Notes from the Field

Dirty Work: An Ecocritical Reflection on Human Feces as a Tool of Protest and Performance

Author: Gibson Alessandro Cima (Northern Illinois University)

  • Dirty Work: An Ecocritical Reflection on Human Feces as a Tool of Protest and Performance

    Notes from the Field

    Dirty Work: An Ecocritical Reflection on Human Feces as a Tool of Protest and Performance

    Author:

Abstract

On March 9, 2015, Chumani Maxwele, a University of Cape Town political science student, hurled the contents of a portable toilet at a statue of British mining magnate and white supremacist Cecil Rhodes. At nearly a decade’s remove, Maxwele’s controversial act reverberates. Though often portrayed as the rash gesture of a dispossessed Black youth, the event was a meticulously stage-managed piece of ecocriticism. Yet his catalytic act is virtually absent from academic discussions of the #RhodesMustFall movement. The erasure of Maxwele’s radical protest raises important questions about who can create ecocriticism, who can perform, and what it means when a Black activist uses human excrement and disgust as the medium for protest.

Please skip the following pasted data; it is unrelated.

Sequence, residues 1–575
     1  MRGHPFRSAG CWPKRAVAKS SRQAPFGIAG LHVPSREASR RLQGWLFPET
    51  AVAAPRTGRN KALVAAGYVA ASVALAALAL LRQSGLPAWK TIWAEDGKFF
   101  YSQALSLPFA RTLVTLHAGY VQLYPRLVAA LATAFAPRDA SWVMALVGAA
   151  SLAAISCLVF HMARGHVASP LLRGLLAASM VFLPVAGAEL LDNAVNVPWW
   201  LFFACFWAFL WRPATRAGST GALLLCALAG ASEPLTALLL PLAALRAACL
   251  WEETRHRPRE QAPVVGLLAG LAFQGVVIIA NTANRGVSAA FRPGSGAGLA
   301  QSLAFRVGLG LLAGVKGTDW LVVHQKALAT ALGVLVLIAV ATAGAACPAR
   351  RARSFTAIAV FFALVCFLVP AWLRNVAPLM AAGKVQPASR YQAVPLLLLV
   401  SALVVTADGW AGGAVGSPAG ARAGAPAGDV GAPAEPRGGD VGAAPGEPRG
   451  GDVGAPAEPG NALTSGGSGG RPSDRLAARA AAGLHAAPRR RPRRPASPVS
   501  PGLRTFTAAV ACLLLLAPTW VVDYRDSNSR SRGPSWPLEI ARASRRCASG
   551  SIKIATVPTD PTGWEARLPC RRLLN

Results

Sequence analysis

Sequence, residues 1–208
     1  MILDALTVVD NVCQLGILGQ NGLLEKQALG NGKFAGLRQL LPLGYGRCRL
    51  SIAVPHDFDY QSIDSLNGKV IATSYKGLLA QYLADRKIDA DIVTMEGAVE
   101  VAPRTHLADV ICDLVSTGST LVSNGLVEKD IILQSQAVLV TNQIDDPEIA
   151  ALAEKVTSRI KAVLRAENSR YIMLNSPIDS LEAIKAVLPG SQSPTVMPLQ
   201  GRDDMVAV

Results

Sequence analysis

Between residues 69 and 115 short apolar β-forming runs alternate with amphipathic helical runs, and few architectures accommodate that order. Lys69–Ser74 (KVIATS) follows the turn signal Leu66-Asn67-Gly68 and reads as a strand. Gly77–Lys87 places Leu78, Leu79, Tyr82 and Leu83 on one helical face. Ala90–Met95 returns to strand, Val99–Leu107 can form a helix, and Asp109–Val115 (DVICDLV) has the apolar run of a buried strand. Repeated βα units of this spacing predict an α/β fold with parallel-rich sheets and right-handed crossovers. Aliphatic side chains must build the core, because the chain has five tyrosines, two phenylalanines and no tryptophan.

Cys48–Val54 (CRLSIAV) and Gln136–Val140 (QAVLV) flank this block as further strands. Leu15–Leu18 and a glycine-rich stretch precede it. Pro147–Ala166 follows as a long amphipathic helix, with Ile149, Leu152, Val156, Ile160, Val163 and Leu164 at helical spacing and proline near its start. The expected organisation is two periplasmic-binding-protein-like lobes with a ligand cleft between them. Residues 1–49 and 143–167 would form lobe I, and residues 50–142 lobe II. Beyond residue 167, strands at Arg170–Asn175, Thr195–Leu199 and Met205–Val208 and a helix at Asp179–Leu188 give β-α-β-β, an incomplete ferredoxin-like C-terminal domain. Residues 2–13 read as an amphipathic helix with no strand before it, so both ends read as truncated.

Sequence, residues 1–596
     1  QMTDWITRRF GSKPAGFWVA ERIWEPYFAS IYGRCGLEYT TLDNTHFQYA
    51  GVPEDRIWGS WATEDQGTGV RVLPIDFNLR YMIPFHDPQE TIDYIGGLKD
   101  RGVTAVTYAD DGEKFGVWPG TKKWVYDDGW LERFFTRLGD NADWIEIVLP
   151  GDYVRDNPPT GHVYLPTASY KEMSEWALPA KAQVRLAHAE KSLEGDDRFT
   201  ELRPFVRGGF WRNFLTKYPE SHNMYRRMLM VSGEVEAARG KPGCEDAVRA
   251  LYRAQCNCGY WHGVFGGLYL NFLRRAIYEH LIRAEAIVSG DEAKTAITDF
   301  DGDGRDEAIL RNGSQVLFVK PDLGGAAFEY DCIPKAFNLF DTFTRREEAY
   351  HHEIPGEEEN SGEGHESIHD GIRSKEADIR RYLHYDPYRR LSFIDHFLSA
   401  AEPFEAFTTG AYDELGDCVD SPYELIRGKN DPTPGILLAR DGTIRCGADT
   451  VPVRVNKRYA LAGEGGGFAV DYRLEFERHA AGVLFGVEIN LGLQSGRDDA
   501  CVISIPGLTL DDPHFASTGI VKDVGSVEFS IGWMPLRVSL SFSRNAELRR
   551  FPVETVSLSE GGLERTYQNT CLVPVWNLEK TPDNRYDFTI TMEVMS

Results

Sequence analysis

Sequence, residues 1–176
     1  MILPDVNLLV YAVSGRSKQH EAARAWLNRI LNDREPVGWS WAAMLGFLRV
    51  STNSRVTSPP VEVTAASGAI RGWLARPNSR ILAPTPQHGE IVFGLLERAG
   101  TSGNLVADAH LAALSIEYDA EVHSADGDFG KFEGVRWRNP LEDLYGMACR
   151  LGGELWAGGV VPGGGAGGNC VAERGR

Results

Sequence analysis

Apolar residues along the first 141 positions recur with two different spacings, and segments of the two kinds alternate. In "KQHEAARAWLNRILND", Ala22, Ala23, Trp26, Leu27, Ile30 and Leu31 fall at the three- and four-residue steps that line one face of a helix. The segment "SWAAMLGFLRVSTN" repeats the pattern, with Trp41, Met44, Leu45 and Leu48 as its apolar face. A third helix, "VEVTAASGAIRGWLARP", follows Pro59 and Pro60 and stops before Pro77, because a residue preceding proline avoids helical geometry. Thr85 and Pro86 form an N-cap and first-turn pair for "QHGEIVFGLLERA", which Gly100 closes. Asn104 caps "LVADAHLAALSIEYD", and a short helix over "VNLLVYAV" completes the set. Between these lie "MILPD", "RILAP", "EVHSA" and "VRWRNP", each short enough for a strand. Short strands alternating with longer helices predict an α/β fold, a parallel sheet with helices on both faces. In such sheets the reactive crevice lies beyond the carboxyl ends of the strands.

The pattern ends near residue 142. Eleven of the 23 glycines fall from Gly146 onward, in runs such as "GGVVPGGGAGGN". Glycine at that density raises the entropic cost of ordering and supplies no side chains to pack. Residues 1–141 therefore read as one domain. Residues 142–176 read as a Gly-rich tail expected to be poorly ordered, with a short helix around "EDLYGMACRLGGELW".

Keywords: #RhodesMustFall, Chumani Maxwele, Ecocriticism, Performance Art, Protest, South African Performance

How to Cite:

Cima, G. A., (2024) “Dirty Work: An Ecocritical Reflection on Human Feces as a Tool of Protest and Performance”, the Black Theatre Review 2(2), 48-51. doi: https://doi.org/10.2458/tbtr.6021

Downloads:
Download PDF

49 Views

12 Downloads

Published on
26 Mar 2024
Peer Reviewed